Chapter 15: Top Management
“Now we present the first in a new series ‘Our Country Today’, in which we shall be discussing a range of issues affecting all of us. This week’s subject is modern senior management. Our interviewer is Mark Benche and our guest this evening is Sir Percival Stropes, Managing Director of United Vehicle Builders. So without further ado, over to the studio.”
Benche: Good evening, ladies and gentlemen, and welcome to our guest, Sir Percival Stropes.
Stropes: Hello, Mark.
Benche: You’ve been in charge at UVB for three years and were recently appointed chairman of the Association of Chief Executives.
Benche: So I suppose there could be nobody better qualified to tell us about the thinking of high-level management.
Benche: I’d like to begin with your overview of the current position.
Benche: Well, perhaps you’d care to give us a start.
Benche: Er ... now, if you will, Sir Percival.
Stropes: Oh, yes. Very well. What do you want me to say?
Benche: I was hoping you’d give us your take on the performance of the economy following the recent boardroom revolution.
Stropes: I’ll put it simply. We now have more hair on our chests than ever before. The gloves are off and we are punching our full weight. That’s in the heavy division. Nowadays, when we hit ‘em, they stay hit.
Benche: Quite. Now, if we could leave the boxing analogy, perhaps you would tell us just how things have changed. I’m thinking of the widely expressed feeling that we can’t sustain our position in the world without massive investment in education.
Stropes: Nonsense. There was a report to that effect as long ago as 1884.
Benche: Indeed there was, and some would say that it was accurate, as we have been sliding downhill ever since then. How can we hold our ground?
Stropes: Easily. We merely continue with our current process of downsimpling.
Benche: Well, I’ve heard of downsizing and downscaling, but you mention something new to me, and possibly to many of our listeners. Could you explain?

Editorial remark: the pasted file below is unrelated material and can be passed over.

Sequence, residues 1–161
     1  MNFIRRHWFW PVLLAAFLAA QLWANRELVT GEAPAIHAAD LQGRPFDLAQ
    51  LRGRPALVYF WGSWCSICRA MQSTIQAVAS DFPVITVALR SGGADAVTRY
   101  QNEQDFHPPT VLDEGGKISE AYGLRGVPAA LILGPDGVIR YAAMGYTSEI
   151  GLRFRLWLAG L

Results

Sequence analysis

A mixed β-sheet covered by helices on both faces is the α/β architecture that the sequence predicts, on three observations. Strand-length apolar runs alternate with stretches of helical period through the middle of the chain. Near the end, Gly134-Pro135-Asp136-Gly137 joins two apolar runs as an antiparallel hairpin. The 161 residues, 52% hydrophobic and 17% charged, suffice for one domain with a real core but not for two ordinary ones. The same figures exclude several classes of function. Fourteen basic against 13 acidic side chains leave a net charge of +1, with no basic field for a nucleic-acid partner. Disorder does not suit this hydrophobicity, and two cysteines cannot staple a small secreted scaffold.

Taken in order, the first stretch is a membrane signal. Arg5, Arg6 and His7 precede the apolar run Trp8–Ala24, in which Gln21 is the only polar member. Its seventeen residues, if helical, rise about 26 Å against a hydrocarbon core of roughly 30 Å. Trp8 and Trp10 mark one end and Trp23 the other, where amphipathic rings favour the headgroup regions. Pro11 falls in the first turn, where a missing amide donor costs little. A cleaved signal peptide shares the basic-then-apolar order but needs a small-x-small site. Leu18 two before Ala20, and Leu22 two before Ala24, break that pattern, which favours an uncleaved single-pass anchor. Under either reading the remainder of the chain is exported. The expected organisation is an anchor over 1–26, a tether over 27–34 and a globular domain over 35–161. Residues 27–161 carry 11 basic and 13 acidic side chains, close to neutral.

Stropes: Nothing to it. One merely needs to match the skills available to the work that can be found for them.
Benche: I see. But is that not the problem? As we fail to produce people with abilities appropriate to the new age, so we decline proportionately. Some would call this social regression.
Stropes: Killjoys, the lot of them. If the Weary Willies can’t stand the heat, they should leave the kitchen. Personally, I have no qualms about facing the future. Anyway, you have to consider the alternative to downsimpling.
Benche: And what is that?
Benche: That’s raising skill-levels to match the work required, is it?
Stropes: You could say so. I’ve no time for such airy-fairy ideas. I’m a plain man and I like plain dealings. Let’s leave these things to the Japanese, Germans, French, Americans and any others who think, in my view mistakenly, that they can make a go of it.
Benche: Forthright comment. Now, if I may widen the scope, perhaps you’d tell us how you tackled the problems you found on taking over at UVB?
Stropes: Head-on, that’s how. It was a question of administration and cognisance. First, we adopted the ‘flat mountain’ system of management.
Benche: That’s intriguing. Would you elaborate?
Stropes: It’s common sense. When I took charge, we had an absurdly hierarchical set-up. There were shop-floor workers, section leaders, assistant departmental managers, departmental managers, function heads, general managers, executive directors and the Board. That was eight levels. Ridiculous.
Benche: Some people might think that was not unreasonable in a company with 68,000 employees.